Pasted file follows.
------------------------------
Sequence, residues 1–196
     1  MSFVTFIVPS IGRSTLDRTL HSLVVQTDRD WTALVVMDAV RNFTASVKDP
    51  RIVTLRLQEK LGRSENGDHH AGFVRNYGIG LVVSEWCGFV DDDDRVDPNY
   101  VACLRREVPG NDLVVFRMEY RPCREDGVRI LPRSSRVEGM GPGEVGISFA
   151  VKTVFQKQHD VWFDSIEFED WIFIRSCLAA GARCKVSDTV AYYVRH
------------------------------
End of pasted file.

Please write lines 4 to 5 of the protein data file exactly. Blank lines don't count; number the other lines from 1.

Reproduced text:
   101  VACLRREVPG NDLVVFRMEY RPCREDGVRI LPRSSRVEGM GPGEVGISFA
   151  VKTVFQKQHD VWFDSIEFED WIFIRSCLAA GARCKVSDTV AYYVRH